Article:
We’ve been marveling at the boats on Cobbett’s Pond lately. $180,000+ for a boat! You could buy a condo for the same amount of money. What is the total assessed value of the boats on the lakes in Windham anyway? There’s a certain blue and white Chris-Craft Launch that looks good on the water at Cobbett’s Pond but what we’ve really enjoyed this summer is the sudden appearance of several old aluminum boats; many still powered by mid-century out-boards. Of course, back in the day before fiberglass, most all boats on the lakes and ponds were wooden. They were often built by hand by the people who owned the cottages. Then there were also the canvass lined canoes with their beautiful wooden interiors. The wooden inboards have always been stunning, with the mahogany gleaming in the sun. I had my windows open and I was listening to boats on the lake, in bed the other night; I’ve decided there is nothing as distinctive as the sound of an old inboard engine, rumbling across the water.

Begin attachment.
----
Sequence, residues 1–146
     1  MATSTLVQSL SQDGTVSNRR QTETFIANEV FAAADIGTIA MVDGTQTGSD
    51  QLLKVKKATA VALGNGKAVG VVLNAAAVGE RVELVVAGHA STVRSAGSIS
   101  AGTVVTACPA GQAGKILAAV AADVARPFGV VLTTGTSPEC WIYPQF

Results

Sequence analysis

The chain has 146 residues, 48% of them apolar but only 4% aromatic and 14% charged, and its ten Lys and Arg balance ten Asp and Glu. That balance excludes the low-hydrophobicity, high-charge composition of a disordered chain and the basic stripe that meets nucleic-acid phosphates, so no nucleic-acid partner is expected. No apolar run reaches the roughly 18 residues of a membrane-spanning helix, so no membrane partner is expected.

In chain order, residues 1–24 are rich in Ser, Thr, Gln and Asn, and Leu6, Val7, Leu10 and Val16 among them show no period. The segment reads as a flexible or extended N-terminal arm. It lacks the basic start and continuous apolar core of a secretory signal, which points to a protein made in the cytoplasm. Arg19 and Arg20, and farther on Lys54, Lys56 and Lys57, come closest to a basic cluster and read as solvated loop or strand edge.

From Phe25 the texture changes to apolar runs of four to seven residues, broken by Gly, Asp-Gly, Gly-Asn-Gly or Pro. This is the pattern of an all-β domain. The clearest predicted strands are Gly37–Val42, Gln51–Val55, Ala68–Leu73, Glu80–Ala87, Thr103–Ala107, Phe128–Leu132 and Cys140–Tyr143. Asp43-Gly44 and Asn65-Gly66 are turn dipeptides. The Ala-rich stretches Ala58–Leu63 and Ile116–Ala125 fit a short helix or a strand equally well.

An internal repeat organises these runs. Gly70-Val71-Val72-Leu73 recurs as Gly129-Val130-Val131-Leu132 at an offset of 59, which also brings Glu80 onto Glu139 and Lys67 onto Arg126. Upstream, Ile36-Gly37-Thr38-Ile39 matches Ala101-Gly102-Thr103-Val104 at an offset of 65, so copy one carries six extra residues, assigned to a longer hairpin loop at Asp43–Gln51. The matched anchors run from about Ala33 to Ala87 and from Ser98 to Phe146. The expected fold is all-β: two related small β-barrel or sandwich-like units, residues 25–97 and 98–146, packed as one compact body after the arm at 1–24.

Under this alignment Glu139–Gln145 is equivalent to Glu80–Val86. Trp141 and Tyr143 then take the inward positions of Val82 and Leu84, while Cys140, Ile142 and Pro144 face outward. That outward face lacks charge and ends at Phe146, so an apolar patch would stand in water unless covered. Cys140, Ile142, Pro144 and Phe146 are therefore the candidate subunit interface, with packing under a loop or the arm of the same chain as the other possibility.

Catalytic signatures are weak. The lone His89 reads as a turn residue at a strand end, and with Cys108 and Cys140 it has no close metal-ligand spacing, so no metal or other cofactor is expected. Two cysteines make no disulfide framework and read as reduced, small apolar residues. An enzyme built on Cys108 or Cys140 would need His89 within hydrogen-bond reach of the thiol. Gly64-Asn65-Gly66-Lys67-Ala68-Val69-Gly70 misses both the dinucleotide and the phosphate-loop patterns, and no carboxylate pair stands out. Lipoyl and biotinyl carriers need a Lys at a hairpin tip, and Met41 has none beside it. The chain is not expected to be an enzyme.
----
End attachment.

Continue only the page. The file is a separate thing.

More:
Some of the photos include Joe and Mary Anne Alosky with their mom in a classic, wooden row-boat with outboard.
A gorgeous wooden sailboat that was once kept at a cottage on North Shore Road.
The Aloskys again in a wooden boat on Cobbett’s.
George Dinsmore Sr. and his daughter Dorothy in a wooden canoe.
The “East Shore of Cobbett’s Pond.”
In the fifties and sixties there were hundreds of black and white wooden row-boats, clogging the small pond, filled to the brim with passengers, rented at Dunkin Beach.
Finally, My mom tells the story that she and her sister Lal could out paddle my Dad’s power boat in a canoe when they were kids